There was a time when professionals did all of their work on a desktop PC running a marquee Adobe app: Photoshop, Lightroom, InDesign, or Illustrator. But that time is coming to an end, and Adobe knows it. Mobile, and its massive, diverse app ecosystem, is putting a dent into Adobe’s dominance. Designers who work on mobile devices today are more likely to do so using a couple dozen apps that do one thing well, than one mega-app that tries to do everything.
Scott Belsky, Adobe’s VP of Products, Mobile and Community, calls this the atomization effect. “Everything about mobile is atomized: an app for this, an app for that,” he says. So Adobe is pursuing a new strategy. Instead of trying to supply designers with all the “atoms” they need to be creative, they’re going to be the glue that holds them together. Pick whatever app you want to use, and Adobe will eliminate all the friction bringing it into your workflow.
This new strategy will manifest itself in the form of a new service called CreativeSync. Available to Creative Cloud subscribers, it allows creatives to push their files, workflows, and settings into the cloud, and then access it through any device or app they want. Adobe started rolling it out as part of its desktop apps back in June, but today, CreativeSync is coming to all of Adobe’s mobile apps. And most importantly? It will be available to non-Adobe mobile apps as well.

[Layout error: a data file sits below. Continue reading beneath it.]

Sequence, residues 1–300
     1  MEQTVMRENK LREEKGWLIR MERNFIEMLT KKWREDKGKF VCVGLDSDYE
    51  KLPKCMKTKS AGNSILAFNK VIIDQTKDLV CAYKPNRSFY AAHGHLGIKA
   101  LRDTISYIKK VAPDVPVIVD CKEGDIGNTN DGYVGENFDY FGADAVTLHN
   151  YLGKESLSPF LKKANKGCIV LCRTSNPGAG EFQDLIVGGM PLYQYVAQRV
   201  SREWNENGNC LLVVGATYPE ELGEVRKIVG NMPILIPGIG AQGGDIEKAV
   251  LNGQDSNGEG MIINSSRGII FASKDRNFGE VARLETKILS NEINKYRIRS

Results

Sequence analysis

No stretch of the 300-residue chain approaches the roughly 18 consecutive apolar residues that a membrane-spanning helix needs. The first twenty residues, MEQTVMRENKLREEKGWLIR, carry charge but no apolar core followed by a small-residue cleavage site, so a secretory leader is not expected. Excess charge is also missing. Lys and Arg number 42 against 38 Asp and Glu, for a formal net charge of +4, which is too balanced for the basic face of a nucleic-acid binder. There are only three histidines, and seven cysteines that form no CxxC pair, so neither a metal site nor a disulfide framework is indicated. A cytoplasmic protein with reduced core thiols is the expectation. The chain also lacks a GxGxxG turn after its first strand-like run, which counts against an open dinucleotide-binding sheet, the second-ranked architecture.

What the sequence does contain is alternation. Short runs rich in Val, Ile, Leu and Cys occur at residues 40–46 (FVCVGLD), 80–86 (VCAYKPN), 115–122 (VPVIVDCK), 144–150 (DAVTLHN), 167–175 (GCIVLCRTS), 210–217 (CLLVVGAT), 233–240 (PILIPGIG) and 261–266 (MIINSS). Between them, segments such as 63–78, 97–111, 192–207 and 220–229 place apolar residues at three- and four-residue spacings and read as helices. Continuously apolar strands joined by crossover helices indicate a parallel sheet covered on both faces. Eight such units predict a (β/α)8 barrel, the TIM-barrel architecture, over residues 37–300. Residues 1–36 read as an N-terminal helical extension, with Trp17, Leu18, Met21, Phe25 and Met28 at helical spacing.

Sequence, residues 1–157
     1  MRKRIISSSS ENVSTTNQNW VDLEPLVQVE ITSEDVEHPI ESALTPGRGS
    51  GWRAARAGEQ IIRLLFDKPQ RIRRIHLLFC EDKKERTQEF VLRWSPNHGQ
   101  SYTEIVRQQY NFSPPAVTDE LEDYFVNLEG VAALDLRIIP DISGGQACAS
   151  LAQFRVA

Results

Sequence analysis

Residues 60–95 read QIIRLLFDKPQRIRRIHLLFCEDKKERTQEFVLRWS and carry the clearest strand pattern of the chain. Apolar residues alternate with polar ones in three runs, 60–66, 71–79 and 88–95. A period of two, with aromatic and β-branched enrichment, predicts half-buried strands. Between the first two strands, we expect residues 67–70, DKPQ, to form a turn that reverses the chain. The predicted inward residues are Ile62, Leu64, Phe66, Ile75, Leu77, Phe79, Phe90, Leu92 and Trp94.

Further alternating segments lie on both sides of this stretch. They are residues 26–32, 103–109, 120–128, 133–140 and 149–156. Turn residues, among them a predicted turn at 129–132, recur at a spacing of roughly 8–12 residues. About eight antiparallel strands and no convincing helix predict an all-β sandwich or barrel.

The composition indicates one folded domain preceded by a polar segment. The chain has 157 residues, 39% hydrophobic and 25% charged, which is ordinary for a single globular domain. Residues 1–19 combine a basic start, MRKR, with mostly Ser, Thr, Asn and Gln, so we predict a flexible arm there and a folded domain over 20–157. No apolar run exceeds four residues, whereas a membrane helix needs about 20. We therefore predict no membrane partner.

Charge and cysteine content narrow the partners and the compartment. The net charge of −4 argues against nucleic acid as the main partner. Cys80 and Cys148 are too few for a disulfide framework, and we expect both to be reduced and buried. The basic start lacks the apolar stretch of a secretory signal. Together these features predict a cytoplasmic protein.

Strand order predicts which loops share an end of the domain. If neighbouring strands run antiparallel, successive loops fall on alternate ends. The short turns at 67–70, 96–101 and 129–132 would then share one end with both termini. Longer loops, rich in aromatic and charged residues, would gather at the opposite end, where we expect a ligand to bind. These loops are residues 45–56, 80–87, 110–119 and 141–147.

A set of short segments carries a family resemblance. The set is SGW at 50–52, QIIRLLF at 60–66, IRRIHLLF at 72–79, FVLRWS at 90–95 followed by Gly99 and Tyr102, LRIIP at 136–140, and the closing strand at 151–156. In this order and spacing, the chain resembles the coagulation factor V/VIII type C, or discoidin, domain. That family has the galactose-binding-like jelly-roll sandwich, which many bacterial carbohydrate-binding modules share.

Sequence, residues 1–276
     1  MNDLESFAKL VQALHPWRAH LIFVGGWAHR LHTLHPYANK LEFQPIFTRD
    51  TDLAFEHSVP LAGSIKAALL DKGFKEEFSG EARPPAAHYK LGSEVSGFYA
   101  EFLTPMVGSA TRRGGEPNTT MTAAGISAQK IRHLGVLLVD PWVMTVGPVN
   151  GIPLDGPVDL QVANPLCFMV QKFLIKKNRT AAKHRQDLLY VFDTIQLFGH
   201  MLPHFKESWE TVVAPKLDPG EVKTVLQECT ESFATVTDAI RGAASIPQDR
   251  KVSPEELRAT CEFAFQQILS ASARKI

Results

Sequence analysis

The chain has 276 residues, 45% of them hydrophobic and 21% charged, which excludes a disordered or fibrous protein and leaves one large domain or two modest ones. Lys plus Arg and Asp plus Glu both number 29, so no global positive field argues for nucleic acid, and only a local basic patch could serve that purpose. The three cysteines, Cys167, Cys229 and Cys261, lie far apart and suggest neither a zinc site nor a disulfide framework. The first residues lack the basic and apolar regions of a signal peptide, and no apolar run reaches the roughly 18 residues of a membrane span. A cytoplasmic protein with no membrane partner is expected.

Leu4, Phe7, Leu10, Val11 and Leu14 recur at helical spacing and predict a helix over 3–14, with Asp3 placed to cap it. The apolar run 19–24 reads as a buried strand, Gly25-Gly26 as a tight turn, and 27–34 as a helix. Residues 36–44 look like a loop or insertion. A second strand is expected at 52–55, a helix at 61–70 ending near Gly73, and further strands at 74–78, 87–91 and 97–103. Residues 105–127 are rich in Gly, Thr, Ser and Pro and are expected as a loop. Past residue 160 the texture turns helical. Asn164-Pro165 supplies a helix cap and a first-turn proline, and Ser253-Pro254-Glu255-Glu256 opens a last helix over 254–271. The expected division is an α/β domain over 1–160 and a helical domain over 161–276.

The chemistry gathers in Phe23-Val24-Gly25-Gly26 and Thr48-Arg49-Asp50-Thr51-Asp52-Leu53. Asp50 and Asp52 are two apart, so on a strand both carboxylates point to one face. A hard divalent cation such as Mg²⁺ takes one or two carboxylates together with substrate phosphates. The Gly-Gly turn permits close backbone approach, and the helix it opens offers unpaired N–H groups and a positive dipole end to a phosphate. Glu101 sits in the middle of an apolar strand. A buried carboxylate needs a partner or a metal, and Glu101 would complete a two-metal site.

At first, it’s easy to dismiss CreativeSync as a sort of Dropbox for designers. But that’s underselling it. CreativeSync will store files, but it’s not so much about file storage as it is about file compatibility. It aims to make creative projects cross-compatible with any app or device you dive into. Say you’ve got a project in Photoshop on the desktop, but want to tweak it during lunch using Photoshop Mix on your iPhone, and then need to use Illustrator CC for some vector work. CreativeSync would make that possible, converting your projects on-the-fly to whatever device or app you want to work with.
But CreativeSync coordinates more than just files or projects. It syncs all of what Belsky calls “the ingredients of design.” That means your brushes, your states, your custom color palettes, your text styles, your textures, your fonts, and so on. It makes any asset that you depend on as part of your workflow universally available to you. The service also allows you to access Adobe’s asset libraries anywhere: for example, Adobe’s Typekit library of over 1,100 separate typefaces, or Adobe Stock, which gives Creative Cloud subscribers one-click access to millions of stock photographs.
But back to the most important part: the Creative SDK that third-party developers use to integrate all this functionality into their apps. Conceivably, that means that you could bounce a project back and forth between a third-party app like FiftyThree’s Paper and a CC app like Illustrator as effortlessly as if they were both Adobe programs.
“Mobile apps are so highly specialized, but CreativeSync allows them all to work together.” And while some bugbears will argue that professional design and creativity work will always be done on the desktop, Belsky says Adobe is betting that’s not true. And we agree. Creatives will always be more likely to find inspiration away from their desk than in front of it.
“CreativeSync is the foundation of anything we do at Adobe in the future,” he says. “The notion of thousands of mobile apps working together harmoniously trumps the concept of a creative suite on desktop. The possibilities are unlimited.”
For end users, Adobe CreativeSync will be available on the desktop as part of a Creative Cloud subscription, and is also free if you make use of it exclusively through mobile apps.